5th UF Water Institute Symposium Abstract

Submitter's Name Charles Barrett
Session Name Poster Session - Water & Nutrients in Managed Landscapes
Poster Number 47
Author(s) Charles Barrett,  University of Florida (Presenting Author)
  Lincoln Zotarelli,  University of Florida
  Lucas Parahnos, University of Florida
  Converting from seepage to plasticulture for Florida grown cabbage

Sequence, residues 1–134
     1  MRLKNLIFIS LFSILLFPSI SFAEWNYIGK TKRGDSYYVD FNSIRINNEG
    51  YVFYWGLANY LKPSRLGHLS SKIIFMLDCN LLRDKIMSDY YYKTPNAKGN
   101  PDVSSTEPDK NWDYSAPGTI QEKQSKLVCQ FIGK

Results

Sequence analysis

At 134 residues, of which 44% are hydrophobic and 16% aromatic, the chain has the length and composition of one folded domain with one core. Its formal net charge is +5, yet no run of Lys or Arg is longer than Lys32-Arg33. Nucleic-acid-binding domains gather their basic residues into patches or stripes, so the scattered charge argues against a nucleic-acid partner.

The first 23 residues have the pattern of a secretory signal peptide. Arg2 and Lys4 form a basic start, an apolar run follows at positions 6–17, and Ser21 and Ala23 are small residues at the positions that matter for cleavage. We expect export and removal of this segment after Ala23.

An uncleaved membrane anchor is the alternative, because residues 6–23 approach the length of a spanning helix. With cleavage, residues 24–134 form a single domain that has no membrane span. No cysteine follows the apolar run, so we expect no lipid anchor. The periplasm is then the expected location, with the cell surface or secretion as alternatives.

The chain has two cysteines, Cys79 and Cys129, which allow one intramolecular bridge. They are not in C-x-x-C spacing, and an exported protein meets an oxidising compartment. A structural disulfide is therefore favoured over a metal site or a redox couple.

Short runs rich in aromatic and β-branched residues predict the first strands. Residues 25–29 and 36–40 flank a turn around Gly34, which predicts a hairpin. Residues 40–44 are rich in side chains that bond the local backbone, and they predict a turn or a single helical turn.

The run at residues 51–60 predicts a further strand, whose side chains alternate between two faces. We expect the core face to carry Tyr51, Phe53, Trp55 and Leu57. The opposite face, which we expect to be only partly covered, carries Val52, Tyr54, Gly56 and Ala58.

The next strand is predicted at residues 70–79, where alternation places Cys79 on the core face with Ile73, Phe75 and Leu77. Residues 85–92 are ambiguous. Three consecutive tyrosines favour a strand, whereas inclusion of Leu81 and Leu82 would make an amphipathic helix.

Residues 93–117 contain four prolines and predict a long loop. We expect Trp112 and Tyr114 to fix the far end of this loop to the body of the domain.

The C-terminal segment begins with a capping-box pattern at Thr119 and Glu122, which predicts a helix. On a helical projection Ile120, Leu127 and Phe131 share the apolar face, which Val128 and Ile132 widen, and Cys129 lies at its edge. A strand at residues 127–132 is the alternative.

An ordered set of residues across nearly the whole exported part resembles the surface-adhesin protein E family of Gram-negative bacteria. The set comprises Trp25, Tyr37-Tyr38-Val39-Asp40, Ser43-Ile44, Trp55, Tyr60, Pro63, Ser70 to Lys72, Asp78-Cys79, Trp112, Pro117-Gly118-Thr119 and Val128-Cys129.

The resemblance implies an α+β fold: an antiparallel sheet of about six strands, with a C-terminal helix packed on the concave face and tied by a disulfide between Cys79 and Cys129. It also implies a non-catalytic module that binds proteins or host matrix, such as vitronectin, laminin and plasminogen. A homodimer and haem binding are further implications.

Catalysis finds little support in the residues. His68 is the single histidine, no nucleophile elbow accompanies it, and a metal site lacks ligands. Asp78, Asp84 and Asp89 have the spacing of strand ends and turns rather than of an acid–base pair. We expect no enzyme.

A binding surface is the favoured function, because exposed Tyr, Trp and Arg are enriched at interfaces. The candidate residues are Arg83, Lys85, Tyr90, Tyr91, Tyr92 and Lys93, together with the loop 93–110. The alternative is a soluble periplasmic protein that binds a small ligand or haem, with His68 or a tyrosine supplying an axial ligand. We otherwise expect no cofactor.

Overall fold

The uncertainties of future climate conditions call for more variable and unpredictable weather patterns. Regardless of the climate outcomes, there is already an urgent world wide need for more sustainable water resource management caused by the depletion of major aquifers and population growth. In Florida, a high population cabbage production system was developed to address these shared issues. By integrating an increased plant population with more water efficient production practices, we were able to optimize cabbage production while reducing the potential for off-farm nutrient movement as compared to the standard seepage system. Cabbage was grown on 1.2 meter wide raised beds with black plastic mulch and drip irrigation. Through the use of plasticulture, yield was increased from 33.6 Mg/ha to 59.4 Mg/ha on average over the traditional bareground production system. Water savings from using plasticulture were estimated at 381 mm during a low rainfall year. High population vegetable crop production systems that maximize water use efficiency, like the system developed for Florida cabbage, have great potential to provide sustainable food production for the future.